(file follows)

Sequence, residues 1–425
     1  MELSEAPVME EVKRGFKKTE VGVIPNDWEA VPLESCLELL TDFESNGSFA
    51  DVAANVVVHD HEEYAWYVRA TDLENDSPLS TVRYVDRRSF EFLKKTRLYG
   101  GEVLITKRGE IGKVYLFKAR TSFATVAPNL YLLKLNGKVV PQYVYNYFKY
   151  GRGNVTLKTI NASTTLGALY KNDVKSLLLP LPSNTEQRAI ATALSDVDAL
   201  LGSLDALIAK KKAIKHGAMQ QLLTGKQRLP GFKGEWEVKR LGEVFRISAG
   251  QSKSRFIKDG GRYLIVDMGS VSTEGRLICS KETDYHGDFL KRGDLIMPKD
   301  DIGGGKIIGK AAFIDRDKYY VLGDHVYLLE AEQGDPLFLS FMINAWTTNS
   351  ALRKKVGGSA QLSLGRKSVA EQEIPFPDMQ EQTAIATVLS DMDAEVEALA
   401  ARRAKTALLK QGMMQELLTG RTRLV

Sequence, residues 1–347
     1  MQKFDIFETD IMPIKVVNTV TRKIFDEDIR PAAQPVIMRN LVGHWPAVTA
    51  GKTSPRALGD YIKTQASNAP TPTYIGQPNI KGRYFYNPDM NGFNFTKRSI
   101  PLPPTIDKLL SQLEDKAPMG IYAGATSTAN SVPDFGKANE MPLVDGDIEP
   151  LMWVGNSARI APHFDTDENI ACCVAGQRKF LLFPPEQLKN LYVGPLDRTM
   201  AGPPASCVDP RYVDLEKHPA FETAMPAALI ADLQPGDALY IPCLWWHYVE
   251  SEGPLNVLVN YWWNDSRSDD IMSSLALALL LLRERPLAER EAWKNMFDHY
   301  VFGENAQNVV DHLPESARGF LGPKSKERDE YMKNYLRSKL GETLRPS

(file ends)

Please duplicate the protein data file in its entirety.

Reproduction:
Sequence, residues 1–425
     1  MELSEAPVME EVKRGFKKTE VGVIPNDWEA VPLESCLELL TDFESNGSFA
    51  DVAANVVVHD HEEYAWYVRA TDLENDSPLS TVRYVDRRSF EFLKKTRLYG
   101  GEVLITKRGE IGKVYLFKAR TSFATVAPNL YLLKLNGKVV PQYVYNYFKY
   151  GRGNVTLKTI NASTTLGALY KNDVKSLLLP LPSNTEQRAI ATALSDVDAL
   201  LGSLDALIAK KKAIKHGAMQ QLLTGKQRLP GFKGEWEVKR LGEVFRISAG
   251  QSKSRFIKDG GRYLIVDMGS VSTEGRLICS KETDYHGDFL KRGDLIMPKD
   301  DIGGGKIIGK AAFIDRDKYY VLGDHVYLLE AEQGDPLFLS FMINAWTTNS
   351  ALRKKVGGSA QLSLGRKSVA EQEIPFPDMQ EQTAIATVLS DMDAEVEALA
   401  ARRAKTALLK QGMMQELLTG RTRLV

Sequence, residues 1–347
     1  MQKFDIFETD IMPIKVVNTV TRKIFDEDIR PAAQPVIMRN LVGHWPAVTA
    51  GKTSPRALGD YIKTQASNAP TPTYIGQPNI KGRYFYNPDM NGFNFTKRSI
   101  PLPPTIDKLL SQLEDKAPMG IYAGATSTAN SVPDFGKANE MPLVDGDIEP
   151  LMWVGNSARI APHFDTDENI ACCVAGQRKF LLFPPEQLKN LYVGPLDRTM
   201  AGPPASCVDP RYVDLEKHPA FETAMPAALI ADLQPGDALY IPCLWWHYVE
   251  SEGPLNVLVN YWWNDSRSDD IMSSLALALL LLRERPLAER EAWKNMFDHY
   301  VFGENAQNVV DHLPESARGF LGPKSKERDE YMKNYLRSKL GETLRPS